Beef Top Sirloin at a Glance
Primal: top sirloin is part of the “sirloin” primal cut
Meat Buyer’s Guide variations: 184, 184A, 184B, 184C, 184D, 184E
Weight Ranges: 1 lb -14 up, see the Fresh Beef IMPS page for specifics
Best Cooking Methods: roasting, grilling, broiling
Ryan Adams has done an excellent series on different cuts of beef and has given permission to re-post his content here, with minor modifications for the Professional Chef audience.
Cuts of Beef Series: Top Sirloin
There are two varieties of sirloin steak available, both from the sirloin primal, which is sandwiched between the short loin primal (behind the ribs) and round primal (the rump). Think mid-back area. The steak that Alton gushed over comes from the top sirloin, a section of meat found under the tenderloin. The bottom sirloin is right under the top sirloin and is a much tougher cut of meat with little in the way of fat. Most butchers like to use the bottom sirloin for ground meat or cut it into chunks for stewing or braising.
The bottom sirloin is not a bad piece of meat by anyone’s standards, but you won’t ever find me picking it over the top sirloin. This part of the cow can be quite large, so various kinds of steak can be cut from it. Other labels for top sirloin are top butt steak, center cut sirloin, or hip sirloin steak. The meat itself is intensely flavorful, with a deep beefy taste. The muscle is tender, but not quite as tender as cuts like filet mignon or prime rib. You can cut nice thick steaks out of the top sirloin, or cube it for kabobs. It also lends itself well to soups, sandwiches and some ethnic dishes. Rubs work excellently with sirloin steaks, as do marinades.
Top Sirloin Variations
Top Sirloin is listed in the Meat Buyer’s Guide with the following variations: 184, 184A, 184B, 184C, 184D, and 184E.
Top Sirloin Butt, Boneless NAMP/IMPS 184
This is the whole top sirloin butt, free from bones, cartilage, tenderloin, and the sacrosciatic ligament.
Photograph: NAMP Meat Buyer’s Guide
Top Sirloin Butt Steak, Boneless
These boneless cuts show how steaks can be prepared from any part of the top sirloin. It’s best to cut steaks that are reasonably parallel to the backbone line to accommodate the cutting of specified portion-sized steaks.
Top Sirloin Butt Steak, Center Cut
These steaks are very similar to the ones above but are only cut from the gluteus medius muscle.
What to look for when buying
If you want tender, go with smaller sirloin steaks. The larger ones have been cut closer to the rump, and they can be a good deal tougher. Meat cut closer to other side (the short loin end) will be tastier with better texture. There is a bone between the upper part of the loin and the tail end where lots of tendons connect, so try to skip that first slice between porterhouse and sirloin steaks. Also stay away from cuts labeled, “tri-tip,” “ball-tip,” or “butt,” unless it’s top butt.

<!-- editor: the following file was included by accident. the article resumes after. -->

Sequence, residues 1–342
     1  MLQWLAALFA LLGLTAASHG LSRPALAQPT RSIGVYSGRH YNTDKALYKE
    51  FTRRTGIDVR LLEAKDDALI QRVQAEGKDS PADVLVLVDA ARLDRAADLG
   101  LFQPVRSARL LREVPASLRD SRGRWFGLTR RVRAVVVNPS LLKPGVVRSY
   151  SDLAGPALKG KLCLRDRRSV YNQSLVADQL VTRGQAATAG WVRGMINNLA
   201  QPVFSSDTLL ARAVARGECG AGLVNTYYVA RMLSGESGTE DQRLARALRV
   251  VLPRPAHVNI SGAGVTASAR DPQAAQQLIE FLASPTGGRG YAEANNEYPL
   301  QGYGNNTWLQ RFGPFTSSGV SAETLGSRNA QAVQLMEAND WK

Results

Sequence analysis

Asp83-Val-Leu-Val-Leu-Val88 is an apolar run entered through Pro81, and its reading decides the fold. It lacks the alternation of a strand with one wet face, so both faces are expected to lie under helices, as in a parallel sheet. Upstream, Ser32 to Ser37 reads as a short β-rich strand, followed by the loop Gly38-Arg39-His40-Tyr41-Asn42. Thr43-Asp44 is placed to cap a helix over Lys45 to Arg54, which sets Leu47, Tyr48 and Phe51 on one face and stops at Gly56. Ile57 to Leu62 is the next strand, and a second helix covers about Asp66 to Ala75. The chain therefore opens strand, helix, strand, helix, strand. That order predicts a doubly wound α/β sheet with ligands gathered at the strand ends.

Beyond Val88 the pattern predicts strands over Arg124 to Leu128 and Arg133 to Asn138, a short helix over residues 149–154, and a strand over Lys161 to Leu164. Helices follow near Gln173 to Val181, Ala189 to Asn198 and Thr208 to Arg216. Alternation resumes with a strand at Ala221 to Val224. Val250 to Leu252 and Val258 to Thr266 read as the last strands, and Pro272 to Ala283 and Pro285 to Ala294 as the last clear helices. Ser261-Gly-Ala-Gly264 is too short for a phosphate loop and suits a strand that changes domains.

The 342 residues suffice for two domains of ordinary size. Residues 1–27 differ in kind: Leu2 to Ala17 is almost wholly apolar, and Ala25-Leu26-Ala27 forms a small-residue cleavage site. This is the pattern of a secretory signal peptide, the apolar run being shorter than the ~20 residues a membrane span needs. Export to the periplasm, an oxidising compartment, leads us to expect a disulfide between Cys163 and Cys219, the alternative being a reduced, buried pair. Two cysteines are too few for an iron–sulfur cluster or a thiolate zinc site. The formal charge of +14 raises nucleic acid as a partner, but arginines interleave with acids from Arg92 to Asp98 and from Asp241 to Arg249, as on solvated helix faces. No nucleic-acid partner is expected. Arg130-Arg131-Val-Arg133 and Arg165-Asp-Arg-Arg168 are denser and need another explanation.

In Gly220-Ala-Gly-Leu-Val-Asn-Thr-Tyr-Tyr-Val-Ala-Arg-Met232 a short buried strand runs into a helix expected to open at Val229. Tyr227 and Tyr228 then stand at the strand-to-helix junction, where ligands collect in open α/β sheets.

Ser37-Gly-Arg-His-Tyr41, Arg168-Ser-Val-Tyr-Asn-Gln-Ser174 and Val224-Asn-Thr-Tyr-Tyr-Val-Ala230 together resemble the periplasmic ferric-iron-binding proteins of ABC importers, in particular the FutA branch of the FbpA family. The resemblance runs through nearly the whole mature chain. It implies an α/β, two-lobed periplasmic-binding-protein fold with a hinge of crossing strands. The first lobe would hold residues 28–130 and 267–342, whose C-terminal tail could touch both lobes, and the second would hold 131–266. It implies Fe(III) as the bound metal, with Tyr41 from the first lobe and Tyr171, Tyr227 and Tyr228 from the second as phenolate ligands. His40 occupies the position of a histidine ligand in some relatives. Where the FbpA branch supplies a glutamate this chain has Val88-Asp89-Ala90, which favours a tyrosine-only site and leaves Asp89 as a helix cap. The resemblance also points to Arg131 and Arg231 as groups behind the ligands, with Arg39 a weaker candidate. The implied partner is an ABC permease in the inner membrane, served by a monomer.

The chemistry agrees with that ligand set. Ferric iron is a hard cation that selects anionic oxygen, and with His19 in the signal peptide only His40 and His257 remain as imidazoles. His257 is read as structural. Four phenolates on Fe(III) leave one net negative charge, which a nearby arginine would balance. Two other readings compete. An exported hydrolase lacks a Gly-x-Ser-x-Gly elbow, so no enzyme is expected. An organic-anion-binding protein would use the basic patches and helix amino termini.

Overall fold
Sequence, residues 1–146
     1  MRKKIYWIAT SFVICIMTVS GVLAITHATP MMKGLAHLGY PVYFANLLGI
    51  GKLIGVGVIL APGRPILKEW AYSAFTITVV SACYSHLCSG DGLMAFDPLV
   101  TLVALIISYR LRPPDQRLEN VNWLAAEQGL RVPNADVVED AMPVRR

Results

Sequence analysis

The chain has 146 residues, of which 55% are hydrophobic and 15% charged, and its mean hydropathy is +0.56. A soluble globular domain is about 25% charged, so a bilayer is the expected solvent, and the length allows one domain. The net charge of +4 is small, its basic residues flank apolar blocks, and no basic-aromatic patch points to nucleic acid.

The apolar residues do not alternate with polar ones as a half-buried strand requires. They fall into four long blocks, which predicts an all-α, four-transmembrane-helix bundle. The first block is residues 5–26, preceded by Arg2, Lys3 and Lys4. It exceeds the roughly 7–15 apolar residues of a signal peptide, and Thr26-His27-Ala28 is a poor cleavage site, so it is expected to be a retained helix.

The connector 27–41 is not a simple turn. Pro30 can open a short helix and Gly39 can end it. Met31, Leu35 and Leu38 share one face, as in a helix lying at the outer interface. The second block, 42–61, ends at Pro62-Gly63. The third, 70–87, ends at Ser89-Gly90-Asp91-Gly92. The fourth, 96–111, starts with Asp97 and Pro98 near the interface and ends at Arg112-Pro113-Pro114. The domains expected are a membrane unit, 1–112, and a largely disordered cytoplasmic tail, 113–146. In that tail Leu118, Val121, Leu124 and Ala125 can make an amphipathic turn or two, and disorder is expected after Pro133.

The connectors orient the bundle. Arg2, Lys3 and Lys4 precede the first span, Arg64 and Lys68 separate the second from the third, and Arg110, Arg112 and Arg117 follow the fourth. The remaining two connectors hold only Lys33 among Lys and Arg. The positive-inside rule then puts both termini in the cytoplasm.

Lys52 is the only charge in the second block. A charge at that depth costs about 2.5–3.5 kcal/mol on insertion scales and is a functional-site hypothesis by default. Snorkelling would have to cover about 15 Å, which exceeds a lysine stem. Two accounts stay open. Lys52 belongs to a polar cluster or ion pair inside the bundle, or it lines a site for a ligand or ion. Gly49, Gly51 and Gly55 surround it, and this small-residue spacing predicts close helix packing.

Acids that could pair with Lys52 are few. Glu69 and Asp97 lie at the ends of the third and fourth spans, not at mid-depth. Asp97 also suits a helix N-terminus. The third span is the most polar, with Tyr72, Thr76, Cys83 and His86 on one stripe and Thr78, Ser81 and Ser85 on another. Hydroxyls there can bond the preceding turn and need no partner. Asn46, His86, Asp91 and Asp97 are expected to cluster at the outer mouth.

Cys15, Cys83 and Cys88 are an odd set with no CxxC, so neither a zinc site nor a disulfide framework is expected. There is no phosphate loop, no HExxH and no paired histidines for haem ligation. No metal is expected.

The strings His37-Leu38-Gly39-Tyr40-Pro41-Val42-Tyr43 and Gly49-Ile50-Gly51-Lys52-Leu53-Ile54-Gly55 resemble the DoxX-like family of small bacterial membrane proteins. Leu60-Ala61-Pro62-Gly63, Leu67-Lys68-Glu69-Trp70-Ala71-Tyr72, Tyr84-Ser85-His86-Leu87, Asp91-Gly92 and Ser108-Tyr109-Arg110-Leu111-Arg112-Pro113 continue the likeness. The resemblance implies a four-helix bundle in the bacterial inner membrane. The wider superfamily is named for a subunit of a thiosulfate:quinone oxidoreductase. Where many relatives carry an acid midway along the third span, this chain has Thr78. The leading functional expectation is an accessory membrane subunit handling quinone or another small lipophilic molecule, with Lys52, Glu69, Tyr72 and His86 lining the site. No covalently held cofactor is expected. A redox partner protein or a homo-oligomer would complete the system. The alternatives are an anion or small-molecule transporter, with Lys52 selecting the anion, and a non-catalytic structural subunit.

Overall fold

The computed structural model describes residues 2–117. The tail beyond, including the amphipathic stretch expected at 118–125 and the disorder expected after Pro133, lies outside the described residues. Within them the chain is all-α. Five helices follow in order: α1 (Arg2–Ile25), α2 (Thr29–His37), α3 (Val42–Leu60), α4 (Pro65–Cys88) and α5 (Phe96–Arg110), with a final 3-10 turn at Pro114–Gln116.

The PDF below shows how to break-down a Top Sirloin from NAMP 184. Click on the image to download it.
In this video Donald Russell’s Head Butcher David describes the preparation of the ‘Big Four’ beef steaks – Fillet steak, Sirloin steak, Ribeye steak and Rump steak. In this video the Rump portion contains the Top Sirloin.
Comments from before Site Migration
Kevin – Good point about uses for the Rump Cap. The meat company in the video is located in Scotland, so the names and uses of some of the cuts may be different than in the US. Having said that, they are a well respected UK beef company, and his technique on cutting the Top Sirloin steaks is good.
the video says that the rump cap is for roasting. that’s bizarre. what about the hundreds of millions of people who think of it as the best steak cut on the cow? this is also known as coulotte or pichana. not sure what kind of cows this guy is eating but they are not the ones we have. is he eating milk cows?
A “Baseball Cut” top sirloin steak is the best version of a top sirloin steak and is an excellent “middle of the road” steak, if they cut it with the tendon/sinew taken out. It looks like a filet mignon (though not as tender) and is evenly shaped & textured (unlike many top sirloin steaks) which makes it easy to cook it properly.
Not a cut I use often. I tend to go high-end steak or lowly braises of tougher cuts. I think I need to dig into the mid-range a bit more.
Great series you have here…and this article is no exception.
Related Pages Index
- Meat Buyers Guide PDF
- Bottom Round
- Brisket of Beef
- Chuck Roast
- Chuck Steak Varieties Chart
- Delmonico Steak
- Hanger Steak
- Loin Steaks and Steak Types
- Mock Tender-Petite Fillet
- Prime Rib
- Rib Steak Cuts
- Round Steak Varieties
- Short Loin, T Bone Steak, Porterhouse Steak
- Short Ribs
- T-Bone Steak
- Tenderloin of Beef
- Top Sirloin
- Tri Tip
I hate to school people for comments made nearly 3 years ago, but Brazilian picanha (rump cap) is typically spitted and cooked for at least 2 hours. Slices are carved off and it is re rubbed with salt and re roasted. Or cubed and cooked in skewers. And not cooked as a steak.
So yeah, Kevin, roasted.
Pretty accurate except the cook time. It is an incredibly tender and flavorful cut if prepared correctly. The culotte is cut into three strips, then each strip is folded into a half moon shape with the fat cap on facing out, then skewered. Traditionally seasoned with coarse salt and cooked over open fire. Takes about 8-12 minutes for first slices to be ready, then sprinkled with salt again, then rinse and repeat.